New Zealand Wine Tour Travel Guide
On a very hot summer day, relax outside and indulge in a glass of New Zealand Sauvignon Blanc. Crisp, refreshing and a perfect match for grilled seafood, salads and spicy cuisine, New Zealand’s best known white wine will make you want to pack your bags and visit this pristine island paradise.
Located about 1,300 miles south and east from Australia, New Zealand’s land mass is comprised of two main islands, the North Island and the South Island, along with numerous other smaller islands. Combined, they are roughly the size of the state of Colorado. Only about 4-million people live in this remote corner of the world, but make no mistake, New Zealand looms large when it comes to wine.
With more than 9,000 miles of coastline, the climate of New Zealand is strongly influenced by the sea. Many of the country’s finest vineyards are located in close proximity to the cooling breezes of the Pacific Ocean. Modern winemaking began as part of the British colonization in the mid-nineteenth century, but in the late 1970s a shining star began to emerge in the Marlborough region of the South Island in the form of Sauvignon Blanc.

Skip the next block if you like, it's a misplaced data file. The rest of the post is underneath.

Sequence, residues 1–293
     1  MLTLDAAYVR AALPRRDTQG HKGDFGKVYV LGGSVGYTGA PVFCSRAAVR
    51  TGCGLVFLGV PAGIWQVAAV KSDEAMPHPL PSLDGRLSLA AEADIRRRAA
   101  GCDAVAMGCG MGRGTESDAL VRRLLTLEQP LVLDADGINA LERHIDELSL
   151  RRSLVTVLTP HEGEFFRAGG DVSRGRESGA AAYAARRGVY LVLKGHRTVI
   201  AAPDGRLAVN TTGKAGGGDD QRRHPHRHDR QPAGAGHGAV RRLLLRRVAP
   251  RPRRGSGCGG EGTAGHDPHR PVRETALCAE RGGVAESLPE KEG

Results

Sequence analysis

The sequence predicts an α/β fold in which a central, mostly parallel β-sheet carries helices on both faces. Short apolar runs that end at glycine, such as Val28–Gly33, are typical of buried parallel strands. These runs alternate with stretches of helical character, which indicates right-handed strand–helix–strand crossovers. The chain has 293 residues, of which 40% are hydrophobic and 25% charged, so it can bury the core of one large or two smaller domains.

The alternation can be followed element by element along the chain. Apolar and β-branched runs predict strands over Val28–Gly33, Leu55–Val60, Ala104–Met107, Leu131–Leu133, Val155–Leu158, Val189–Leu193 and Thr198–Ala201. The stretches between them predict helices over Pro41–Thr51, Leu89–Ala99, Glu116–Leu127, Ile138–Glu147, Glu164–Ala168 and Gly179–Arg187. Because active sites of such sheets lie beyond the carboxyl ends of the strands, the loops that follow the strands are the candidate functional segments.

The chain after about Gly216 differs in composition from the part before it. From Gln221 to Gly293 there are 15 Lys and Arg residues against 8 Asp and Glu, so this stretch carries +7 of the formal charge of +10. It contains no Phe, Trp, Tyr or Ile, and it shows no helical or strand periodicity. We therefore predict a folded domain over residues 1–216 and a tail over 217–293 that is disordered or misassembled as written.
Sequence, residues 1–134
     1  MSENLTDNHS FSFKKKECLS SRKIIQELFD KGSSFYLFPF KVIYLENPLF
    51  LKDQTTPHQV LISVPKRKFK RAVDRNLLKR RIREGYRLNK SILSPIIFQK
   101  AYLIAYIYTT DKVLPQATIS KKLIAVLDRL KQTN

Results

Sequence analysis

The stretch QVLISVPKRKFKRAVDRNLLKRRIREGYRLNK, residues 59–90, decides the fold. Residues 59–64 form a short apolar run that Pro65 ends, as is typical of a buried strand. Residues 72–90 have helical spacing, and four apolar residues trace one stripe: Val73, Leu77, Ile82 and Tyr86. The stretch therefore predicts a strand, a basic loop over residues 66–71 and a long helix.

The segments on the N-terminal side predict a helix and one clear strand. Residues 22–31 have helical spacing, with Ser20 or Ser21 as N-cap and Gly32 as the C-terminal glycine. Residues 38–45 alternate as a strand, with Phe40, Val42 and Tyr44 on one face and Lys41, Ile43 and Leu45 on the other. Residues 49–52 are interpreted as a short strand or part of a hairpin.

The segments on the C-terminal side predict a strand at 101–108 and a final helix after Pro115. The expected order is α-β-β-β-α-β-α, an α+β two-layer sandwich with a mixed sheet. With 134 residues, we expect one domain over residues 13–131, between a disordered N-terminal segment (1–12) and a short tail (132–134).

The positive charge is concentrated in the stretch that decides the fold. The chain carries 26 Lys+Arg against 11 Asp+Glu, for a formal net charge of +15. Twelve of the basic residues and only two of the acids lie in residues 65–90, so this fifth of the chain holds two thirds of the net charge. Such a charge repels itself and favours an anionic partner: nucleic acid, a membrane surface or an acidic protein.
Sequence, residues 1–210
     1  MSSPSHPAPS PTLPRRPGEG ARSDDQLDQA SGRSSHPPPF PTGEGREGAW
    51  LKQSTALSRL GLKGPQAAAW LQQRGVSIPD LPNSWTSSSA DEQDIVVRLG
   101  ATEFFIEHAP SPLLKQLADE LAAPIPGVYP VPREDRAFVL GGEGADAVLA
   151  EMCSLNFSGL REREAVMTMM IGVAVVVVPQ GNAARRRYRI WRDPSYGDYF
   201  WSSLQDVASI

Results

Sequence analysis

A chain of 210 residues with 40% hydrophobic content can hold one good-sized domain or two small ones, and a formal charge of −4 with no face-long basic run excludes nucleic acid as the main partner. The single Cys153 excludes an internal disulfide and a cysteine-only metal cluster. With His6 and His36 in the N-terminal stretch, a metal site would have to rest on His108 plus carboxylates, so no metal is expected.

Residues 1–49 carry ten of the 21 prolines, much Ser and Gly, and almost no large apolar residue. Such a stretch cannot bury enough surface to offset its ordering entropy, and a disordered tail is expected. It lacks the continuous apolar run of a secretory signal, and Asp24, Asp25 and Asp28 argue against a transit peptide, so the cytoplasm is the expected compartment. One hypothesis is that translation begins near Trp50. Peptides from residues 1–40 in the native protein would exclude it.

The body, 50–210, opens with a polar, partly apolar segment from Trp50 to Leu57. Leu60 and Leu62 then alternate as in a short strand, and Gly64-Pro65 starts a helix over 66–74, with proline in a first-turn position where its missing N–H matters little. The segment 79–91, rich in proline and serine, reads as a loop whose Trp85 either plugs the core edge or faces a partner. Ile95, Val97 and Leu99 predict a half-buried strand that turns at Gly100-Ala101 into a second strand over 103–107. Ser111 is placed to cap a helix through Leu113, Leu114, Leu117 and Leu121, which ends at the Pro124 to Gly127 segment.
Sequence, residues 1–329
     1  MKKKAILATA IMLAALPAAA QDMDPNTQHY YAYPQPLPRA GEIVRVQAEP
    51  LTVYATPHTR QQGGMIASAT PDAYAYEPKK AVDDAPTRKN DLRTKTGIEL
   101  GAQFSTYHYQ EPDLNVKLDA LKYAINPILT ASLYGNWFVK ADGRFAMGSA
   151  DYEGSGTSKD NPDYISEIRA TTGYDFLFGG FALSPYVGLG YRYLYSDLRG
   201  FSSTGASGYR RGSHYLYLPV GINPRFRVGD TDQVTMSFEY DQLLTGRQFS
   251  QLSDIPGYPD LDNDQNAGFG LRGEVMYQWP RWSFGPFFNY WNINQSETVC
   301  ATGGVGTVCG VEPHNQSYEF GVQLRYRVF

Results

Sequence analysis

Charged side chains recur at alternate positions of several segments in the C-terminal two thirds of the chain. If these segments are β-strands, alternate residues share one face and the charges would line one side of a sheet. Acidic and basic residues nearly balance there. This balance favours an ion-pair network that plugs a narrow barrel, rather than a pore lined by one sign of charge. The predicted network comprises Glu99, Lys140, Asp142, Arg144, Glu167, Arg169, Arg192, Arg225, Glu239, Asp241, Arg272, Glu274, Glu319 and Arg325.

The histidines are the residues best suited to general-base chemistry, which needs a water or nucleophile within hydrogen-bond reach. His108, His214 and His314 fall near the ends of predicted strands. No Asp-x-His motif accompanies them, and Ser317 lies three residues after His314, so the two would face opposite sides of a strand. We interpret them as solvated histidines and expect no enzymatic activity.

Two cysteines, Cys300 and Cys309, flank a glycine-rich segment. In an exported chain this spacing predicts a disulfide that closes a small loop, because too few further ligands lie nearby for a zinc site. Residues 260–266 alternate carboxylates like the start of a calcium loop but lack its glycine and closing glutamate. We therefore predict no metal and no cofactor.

Originally from France, Sauvignon Blanc grown in New Zealand takes on characteristics not found in any other winemaking region in the world. Bright fruit often reminiscent of grapefruit and lime, clean, well-balanced flavors and a high acid content are the calling cards of this classic wine. Delightful either as an aperitif or matched with food, it remains the most widely planted grape in the country.
In the last few decades, winemakers in New Zealand have seen good results with a broad variety of wines including Chardonnay and Pinot Noir. In warmer microclimates, Bordeaux varietals such as Cabernet Sauvignon and Syrah are showing promise. Exports have risen steadily and approach nearly one-billion dollars per year. Two-thirds of all wine exports are Sauvignon Blanc.
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Perhaps what is even more striking about a wine vacation to New Zealand is how incredibly beautiful the flora and fauna are. Ready for a dazzling combination of rain forests, glaciers, active volcanoes, beaches and deep fiords all populated by rare birds and unique wildlife? No wonder New Zealand has emerged as a global leader in efforts to preserve and sustain the environment. See and taste for yourself how the winemaker’s art blends seamlessly with protecting the natural world in the unspoiled glory of New Zealand’s great outdoors.